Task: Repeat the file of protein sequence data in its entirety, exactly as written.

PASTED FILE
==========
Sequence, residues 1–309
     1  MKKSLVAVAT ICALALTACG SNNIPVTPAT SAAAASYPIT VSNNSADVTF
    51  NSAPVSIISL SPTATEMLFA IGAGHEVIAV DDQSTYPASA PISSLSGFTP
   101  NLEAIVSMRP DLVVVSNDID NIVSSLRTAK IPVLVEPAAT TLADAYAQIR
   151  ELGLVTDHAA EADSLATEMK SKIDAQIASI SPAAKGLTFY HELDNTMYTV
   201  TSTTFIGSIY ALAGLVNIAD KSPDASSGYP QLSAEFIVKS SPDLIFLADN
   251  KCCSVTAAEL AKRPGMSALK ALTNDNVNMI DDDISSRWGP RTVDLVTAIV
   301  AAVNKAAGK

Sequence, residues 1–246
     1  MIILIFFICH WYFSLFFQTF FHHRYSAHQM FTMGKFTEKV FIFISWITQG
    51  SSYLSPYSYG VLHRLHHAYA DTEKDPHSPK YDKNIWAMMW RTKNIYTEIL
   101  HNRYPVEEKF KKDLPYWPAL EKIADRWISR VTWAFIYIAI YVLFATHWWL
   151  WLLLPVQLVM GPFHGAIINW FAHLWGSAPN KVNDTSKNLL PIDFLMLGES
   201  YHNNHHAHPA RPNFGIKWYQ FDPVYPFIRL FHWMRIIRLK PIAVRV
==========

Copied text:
Sequence, residues 1–309
     1  MKKSLVAVAT ICALALTACG SNNIPVTPAT SAAAASYPIT VSNNSADVTF
    51  NSAPVSIISL SPTATEMLFA IGAGHEVIAV DDQSTYPASA PISSLSGFTP
   101  NLEAIVSMRP DLVVVSNDID NIVSSLRTAK IPVLVEPAAT TLADAYAQIR
   151  ELGLVTDHAA EADSLATEMK SKIDAQIASI SPAAKGLTFY HELDNTMYTV
   201  TSTTFIGSIY ALAGLVNIAD KSPDASSGYP QLSAEFIVKS SPDLIFLADN
   251  KCCSVTAAEL AKRPGMSALK ALTNDNVNMI DDDISSRWGP RTVDLVTAIV
   301  AAVNKAAGK

Sequence, residues 1–246
     1  MIILIFFICH WYFSLFFQTF FHHRYSAHQM FTMGKFTEKV FIFISWITQG
    51  SSYLSPYSYG VLHRLHHAYA DTEKDPHSPK YDKNIWAMMW RTKNIYTEIL
   101  HNRYPVEEKF KKDLPYWPAL EKIADRWISR VTWAFIYIAI YVLFATHWWL
   151  WLLLPVQLVM GPFHGAIINW FAHLWGSAPN KVNDTSKNLL PIDFLMLGES
   201  YHNNHHAHPA RPNFGIKWYQ FDPVYPFIRL FHWMRIIRLK PIAVRV